The Health Insurance Portability and Accountability Act (HIPAA), and its revised rules - Health Information technology for Economic and Clinical Health Act (HITECH) covers any entity that has access to patient information or provide support in treatment, operations or payment in the health industry. These standards lay down security policies aimed at protecting the availability, integrity and confidentiality of personal health information. Few finer aspects of this standard that you may not be aware of are listed below:
#1. HIPAA Does not Recommend and Set Procedure
HIPAA does not specify or recommend any technology platform or design to secure the data. The onus is on the provider to use industry best practices, or face the risk of being considered as negligent. As such, a mere self-proclamation of the data centre being HIPAA compliant doesn’t actually convey anything. Clients need to dig deeper and find out how exactly the data centre is ensuring HIPAA compliance security.
#2. HIPAA Mandates Physical Controls
Apart from technical safeguards that restrict access of electronic personal health information, audit stipulations, and disaster recovery protocols, HIPPA mandates having in place physical safeguards, which encompasses restricted access to the facility, controls on removing, transferring, disposing or re-using electronic media, and more.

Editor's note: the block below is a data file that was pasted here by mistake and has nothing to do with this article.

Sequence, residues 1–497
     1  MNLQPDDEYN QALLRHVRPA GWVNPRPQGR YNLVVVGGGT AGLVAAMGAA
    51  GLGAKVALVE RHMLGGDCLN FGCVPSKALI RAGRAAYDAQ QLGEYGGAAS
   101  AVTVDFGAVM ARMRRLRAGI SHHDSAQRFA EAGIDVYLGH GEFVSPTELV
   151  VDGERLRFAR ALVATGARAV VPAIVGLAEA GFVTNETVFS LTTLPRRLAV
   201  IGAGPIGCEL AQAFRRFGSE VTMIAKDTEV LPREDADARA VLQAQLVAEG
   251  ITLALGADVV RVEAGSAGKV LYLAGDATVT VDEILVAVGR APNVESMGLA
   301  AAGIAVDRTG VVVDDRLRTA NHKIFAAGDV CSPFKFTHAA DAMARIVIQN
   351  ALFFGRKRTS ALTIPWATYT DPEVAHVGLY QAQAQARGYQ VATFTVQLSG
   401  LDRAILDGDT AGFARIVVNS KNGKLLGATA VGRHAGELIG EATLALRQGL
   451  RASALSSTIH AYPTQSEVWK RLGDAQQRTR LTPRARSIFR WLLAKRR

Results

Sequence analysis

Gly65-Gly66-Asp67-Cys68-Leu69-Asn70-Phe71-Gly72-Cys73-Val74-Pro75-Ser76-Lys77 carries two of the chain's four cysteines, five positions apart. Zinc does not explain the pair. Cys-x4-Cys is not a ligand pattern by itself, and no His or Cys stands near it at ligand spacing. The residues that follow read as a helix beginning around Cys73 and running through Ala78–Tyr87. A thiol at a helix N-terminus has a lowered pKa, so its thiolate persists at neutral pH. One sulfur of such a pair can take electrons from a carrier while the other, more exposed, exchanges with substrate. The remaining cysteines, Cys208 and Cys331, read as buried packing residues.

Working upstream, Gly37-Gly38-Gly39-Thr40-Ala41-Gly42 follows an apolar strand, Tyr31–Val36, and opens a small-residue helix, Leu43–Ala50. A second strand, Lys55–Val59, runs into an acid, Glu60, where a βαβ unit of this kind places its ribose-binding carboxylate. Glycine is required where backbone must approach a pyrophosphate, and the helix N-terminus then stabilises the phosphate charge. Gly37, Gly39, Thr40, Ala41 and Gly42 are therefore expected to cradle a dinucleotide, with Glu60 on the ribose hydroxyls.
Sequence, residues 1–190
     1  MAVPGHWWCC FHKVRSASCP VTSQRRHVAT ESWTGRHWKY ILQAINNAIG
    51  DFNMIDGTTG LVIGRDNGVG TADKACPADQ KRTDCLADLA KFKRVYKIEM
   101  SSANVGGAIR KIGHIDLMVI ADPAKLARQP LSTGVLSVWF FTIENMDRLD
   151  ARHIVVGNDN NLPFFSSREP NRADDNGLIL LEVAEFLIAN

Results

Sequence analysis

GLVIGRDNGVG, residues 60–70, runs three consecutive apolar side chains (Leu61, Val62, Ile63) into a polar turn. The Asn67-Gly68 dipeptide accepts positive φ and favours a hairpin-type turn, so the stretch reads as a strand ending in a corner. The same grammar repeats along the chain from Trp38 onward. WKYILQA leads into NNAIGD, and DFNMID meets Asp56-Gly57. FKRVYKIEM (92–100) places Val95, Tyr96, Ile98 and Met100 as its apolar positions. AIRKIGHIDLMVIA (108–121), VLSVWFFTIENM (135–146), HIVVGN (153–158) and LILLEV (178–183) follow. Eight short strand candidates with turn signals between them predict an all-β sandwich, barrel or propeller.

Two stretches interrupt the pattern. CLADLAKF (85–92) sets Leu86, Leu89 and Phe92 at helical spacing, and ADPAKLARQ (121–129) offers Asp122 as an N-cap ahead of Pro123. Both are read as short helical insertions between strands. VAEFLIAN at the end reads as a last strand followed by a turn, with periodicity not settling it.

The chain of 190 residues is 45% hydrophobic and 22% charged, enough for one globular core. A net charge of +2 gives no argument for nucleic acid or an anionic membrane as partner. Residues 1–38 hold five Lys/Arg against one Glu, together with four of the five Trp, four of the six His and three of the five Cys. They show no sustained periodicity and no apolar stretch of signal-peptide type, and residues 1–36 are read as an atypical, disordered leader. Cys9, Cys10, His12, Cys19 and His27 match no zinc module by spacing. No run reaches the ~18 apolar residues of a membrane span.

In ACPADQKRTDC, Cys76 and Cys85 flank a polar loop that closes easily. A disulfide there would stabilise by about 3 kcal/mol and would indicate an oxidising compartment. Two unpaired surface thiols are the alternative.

#3. HIPAA Mandates Training
HIPAA stipulates that all employees involved in handling personal medical information be given training in proper security practices, and be made aware of the policies, reporting needs, datat protection protocols and more.
#4. HIPAA Mandates Reporting Violations
HIPAA rules mandates that the data centers, or any service provider for that matter, to report any misuse of personal health information to the Department of Health and Human Services (HHS) in the Office of Civil Rights (OCR). It thus places an additional responsibility on the service provider, than merely follow the laid down protocols.
#5. HIPAA Takes Business Associates Agreements Seriously
HIPAA mandates having a thorough and comprehensive Business Associates Agreement (BAA) that documents and communicates the laid down policies. Not having such a BAA may construct as willful negligence, and make the parties liable for fines ranging from $10,000 to $50,000 per incident and potential criminal charges.